Livingstone, seamers put Kiwis to the sword in series-levelling win

In the second One-Day International on Sunday, September 10, England defeated New Zealand by 79 runs thanks to Liam Livingstone’s career-best performance and a tenacious bowling effort. The best-of-four ODI series is currently tied at one game apiece with two games left to play.

Finn Allen was dismissed by David Willey for a duck in the first over, which placed New Zealand’s attempt to complete the difficult total of 227 from the allotted 34 overs in jeopardy. The remainder of the innings was then built by a partnership between Devon Conway and Will Young, with Will Young showing incredible skill at the crease. Contrarily, Conway appeared rusty and struggled to pick up his tempo. Conway finally caved in to the urge to nick one behind after narrowly avoiding multiple disasters and overturning an on-field decision with DRS. Young soon returned to the hut following his hasty sprint between the wickets.

After a faultless start to the second half, English bowlers continued to perform when needed. When Reece Topley helped Willey with the new ball, the first replacement bowler, Gus Atkinson, really got things going. They all continued to work hard during that tense period to repel the batters. Once more, Daryl Mitchell got things going smoothly, but as wickets started to fall at the other end, he was too much for him. The fact that the Black Caps frequently lost wickets hurt them.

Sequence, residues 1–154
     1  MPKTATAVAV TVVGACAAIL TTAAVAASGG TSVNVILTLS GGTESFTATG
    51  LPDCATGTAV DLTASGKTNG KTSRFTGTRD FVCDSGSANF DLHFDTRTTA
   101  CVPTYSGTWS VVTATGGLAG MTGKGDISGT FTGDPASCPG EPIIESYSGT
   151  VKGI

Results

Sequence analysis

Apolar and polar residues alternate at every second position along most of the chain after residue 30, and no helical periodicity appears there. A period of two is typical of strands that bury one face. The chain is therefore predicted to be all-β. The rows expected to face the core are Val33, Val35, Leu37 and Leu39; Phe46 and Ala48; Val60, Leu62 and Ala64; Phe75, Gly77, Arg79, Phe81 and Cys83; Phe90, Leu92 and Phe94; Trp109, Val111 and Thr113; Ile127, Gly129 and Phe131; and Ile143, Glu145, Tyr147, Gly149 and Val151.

The official start of the second half of the innings came with Topley’s 23rd bowling over. By dismissing Glenn Phillips from the game and catching Rachin Ravindra in the same over, he nearly caused difficulties for New Zealand. The only reliable batter left to help Mitchell was Mitchell Santner, who abruptly retired at age 57 while trying to keep up with the increasing demand. The match may have been finished before Moeen Ali was out despite the fact that he contributed with two wickets, one of which was significant for Mitchell.

Even though Livingstone’s brilliant performance earlier in the day gave the hosts a chance to win the game, England’s bowlers also deserve praise for their superb performance. After a long delay, the chance to bat for the home team finally materialized. Trent Boult’s potent opening burst at 8/3 forced Ben Stokes, Joe Root, and Jonny Bairstow to stay inside the hut. As soon as Harry Brook and the skipper left, the score swung to 55/5. When Livingstone shifted to the middle, New Zealand was in the lead.

Livingstone, who had been struggling for the majority of the summer, including during the T20 Blast and The Hundred, rediscovered his form in the first ODI and carried that confidence into this innings. He took his time at first, before unleashing his usual onslaught of lethal blows onto the battlefield. Despite the fact that Sam Curran and Moeen both made major contributions to the squad, Curran and Livingstone’s 112-run combination handed England the advantage moving into the second half. The outcome of the game was ultimately altered by an astonishing comeback.


Brief scores:

 England 226/7 in 34 overs (Liam Livingstone 95*, Sam Curran 42; Trent Boult 3-37) beat New Zealand 147 in 26.5 overs (Daryl Mitchell 57; Reece Topley 3-27, David Willey 3-34) by 79 runs

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